Moffitt researchers present why some ovarian most cancers sufferers develop higher than others


The prognosis for ovarian cancer is poor, with an estimated five-year survival of only 40% for advanced disease, the stage at which most ovarian cancers are diagnosed. These poor results are partly due to the lack of effective therapies for advanced disease and relapses. Immunotherapies show promise for many cancers; However, studies have shown that ovarian cancer patients do not respond strongly to existing medications.

In a new article published in Nature, researchers at the Moffitt Cancer Center show why some ovarian cancer patients develop better than others and suggest possible approaches to improve patient outcomes.

Immunotherapeutics activate T cells, a type of immune cell, to defend themselves against tumor cells. Immunotherapies are approved to treat a variety of cancers and have changed the standard of care and patient outcomes significantly. In ovarian cancer, however, clinical trials of immunotherapies to stimulate T cells have shown modest response rates.

Studies have shown that cancer patients with a higher presence of other immune cells, such as plasma and memory B cells, may respond better to immunotherapies, but how these cell types promote better outcomes is unclear. Moffitt researchers wanted to confirm whether antibodies produced by these cells are associated with better results and to evaluate how these cells contribute to the spontaneous anti-tumor immune response against ovarian cancer.

The researchers analyzed a group of 534 samples from ovarian cancer patients and found that patients with higher infiltration of B-cells or B-cell-derived plasma cells had better results. B cells are a type of immune cell that produce antibodies and express one of five types of B cell receptors on their surface: IgM, IgD, IgG, IgE, or IgA. These isotypes regulate various B-cell signaling pathways and control B-cell processes.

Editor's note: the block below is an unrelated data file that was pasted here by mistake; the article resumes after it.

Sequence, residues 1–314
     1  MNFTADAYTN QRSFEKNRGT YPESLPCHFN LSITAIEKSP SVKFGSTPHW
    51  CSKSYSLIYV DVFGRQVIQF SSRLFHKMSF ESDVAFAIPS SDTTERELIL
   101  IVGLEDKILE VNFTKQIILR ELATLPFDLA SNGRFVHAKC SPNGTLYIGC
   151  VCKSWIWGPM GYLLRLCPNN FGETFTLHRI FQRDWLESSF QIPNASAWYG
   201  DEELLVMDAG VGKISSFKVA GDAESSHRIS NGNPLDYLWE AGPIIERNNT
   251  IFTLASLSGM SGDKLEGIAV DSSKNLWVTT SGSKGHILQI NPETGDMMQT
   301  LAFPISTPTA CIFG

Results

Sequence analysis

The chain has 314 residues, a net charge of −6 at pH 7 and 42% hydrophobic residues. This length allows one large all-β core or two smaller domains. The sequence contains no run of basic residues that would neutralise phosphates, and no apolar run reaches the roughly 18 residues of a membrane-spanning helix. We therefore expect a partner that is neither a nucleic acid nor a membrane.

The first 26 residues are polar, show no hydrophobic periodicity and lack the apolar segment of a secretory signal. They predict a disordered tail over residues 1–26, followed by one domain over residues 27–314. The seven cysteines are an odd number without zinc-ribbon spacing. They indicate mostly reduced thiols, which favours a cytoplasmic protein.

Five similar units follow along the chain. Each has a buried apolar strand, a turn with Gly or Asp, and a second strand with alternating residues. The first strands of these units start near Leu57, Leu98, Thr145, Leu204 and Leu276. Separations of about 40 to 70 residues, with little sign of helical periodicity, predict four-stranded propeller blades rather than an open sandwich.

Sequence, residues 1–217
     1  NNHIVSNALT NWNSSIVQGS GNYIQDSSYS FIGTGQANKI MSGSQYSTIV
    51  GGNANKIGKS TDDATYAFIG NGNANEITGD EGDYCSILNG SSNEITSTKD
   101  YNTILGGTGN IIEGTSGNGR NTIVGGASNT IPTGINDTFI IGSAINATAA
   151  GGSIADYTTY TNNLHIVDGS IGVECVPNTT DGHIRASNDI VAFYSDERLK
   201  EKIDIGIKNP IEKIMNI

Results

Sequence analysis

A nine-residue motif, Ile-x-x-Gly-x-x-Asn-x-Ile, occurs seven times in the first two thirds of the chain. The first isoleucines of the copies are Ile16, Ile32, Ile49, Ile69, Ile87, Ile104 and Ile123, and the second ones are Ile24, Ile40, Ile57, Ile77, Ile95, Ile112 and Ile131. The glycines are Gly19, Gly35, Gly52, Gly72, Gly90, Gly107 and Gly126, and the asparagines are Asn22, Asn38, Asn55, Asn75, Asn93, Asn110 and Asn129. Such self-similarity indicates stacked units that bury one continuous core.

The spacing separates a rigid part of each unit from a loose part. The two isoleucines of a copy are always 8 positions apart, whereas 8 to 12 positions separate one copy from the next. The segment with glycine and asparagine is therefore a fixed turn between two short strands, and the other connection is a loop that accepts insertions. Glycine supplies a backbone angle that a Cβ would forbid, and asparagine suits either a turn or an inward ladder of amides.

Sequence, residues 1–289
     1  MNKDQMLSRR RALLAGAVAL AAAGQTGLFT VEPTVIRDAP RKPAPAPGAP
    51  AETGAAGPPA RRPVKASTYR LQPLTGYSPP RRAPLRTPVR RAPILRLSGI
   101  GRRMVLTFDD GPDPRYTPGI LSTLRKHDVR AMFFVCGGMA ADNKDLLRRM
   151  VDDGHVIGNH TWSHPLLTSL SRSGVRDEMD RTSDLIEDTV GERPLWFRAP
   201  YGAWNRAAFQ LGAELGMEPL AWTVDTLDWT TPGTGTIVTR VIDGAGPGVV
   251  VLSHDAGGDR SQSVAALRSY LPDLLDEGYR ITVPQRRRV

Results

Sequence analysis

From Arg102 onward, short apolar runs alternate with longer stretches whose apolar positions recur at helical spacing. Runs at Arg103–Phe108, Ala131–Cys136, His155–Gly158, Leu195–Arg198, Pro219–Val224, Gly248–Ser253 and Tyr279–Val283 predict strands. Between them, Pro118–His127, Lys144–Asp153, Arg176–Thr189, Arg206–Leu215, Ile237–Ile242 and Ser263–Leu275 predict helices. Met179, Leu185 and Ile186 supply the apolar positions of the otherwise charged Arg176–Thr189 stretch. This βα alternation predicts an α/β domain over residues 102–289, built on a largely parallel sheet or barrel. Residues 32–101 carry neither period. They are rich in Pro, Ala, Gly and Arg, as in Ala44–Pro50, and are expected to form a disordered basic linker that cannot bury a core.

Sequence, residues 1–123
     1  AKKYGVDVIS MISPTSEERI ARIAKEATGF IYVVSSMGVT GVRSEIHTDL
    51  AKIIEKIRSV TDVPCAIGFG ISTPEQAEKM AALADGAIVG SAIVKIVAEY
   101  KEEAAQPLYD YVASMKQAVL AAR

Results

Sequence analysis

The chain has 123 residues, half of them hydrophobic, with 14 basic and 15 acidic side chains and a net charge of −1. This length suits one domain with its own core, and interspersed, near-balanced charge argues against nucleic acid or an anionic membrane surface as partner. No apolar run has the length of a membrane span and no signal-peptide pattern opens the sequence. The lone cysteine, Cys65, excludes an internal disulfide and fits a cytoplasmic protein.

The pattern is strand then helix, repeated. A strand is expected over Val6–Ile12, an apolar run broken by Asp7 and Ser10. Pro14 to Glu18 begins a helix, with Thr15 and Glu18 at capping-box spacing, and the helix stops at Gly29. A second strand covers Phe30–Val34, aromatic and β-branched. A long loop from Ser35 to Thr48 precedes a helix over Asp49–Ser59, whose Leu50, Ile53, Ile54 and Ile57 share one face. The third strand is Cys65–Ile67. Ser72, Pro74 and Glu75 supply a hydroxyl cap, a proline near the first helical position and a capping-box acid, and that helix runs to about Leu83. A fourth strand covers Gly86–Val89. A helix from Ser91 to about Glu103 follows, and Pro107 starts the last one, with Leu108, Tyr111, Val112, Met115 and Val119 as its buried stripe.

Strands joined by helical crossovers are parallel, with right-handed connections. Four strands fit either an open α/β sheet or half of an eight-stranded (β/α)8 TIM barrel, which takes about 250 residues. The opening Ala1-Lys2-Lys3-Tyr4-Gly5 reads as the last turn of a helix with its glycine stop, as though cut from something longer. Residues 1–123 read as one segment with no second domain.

The surprise came when, on further analysis of the samples, the Moffitt team discovered that the antibodies produced by B and plasma cells were predominantly of the IgA subtype, followed by IgG.

We found that the presence of IgA regulates the downstream signaling pathways of ovarian cancer cells. In particular, IgA inhibited the RAS signaling pathway, which is known to contribute to the development of ovarian cancer. “

Jose Conejo-Garcia, MD, Ph.D., chairman of the Moffitt Department of Immunology

This inhibition of RAS sensitized the tumor cells to the T-cell-mediated killing of cells produced by both novel CAR-T-cells and tumor-infiltrating lymphocytes. The team also assessed that IgA and IgG secreted by the B cells recognized specific surface markers for ovarian tumor cells and stimulated other immune cells called myeloid cells to target ovarian cancer cells for destruction.

These data provide new insights into how components of the immune system regulate ovarian cancer progression and offer new opportunities for the development of improved targeted drugs. This includes a repertoire of tumor-derived antibodies that can be used effectively as novel immunotherapeutic agents. In addition, the study provides a mechanistic rationale for integrated antibody responses in the development of novel immunotherapies that were previously based on T-cell-centered approaches.

“The results show that immunotherapies that enhance both coordinated B- and T-cell responses to ovarian cancer, an immunogenic disease currently resistant to checkpoint inhibitors, are likely to demonstrate superior therapeutic benefit,” said Subir Biswas, Ph.D., lead author and postdoctoral fellow in the Conejo Garcia laboratory.

The study will eventually pave the way for the use of antibodies other than IgG as immunotherapeutic agents for at least tumors currently resistant to conventional blockade of the immune checkpoint.


H. Lee Moffitt Cancer Center & Research Institute

Journal reference:

Biswas, S. et al. (2021) IgA transcytosis and antigen recognition control immunity against ovarian cancer. Nature.

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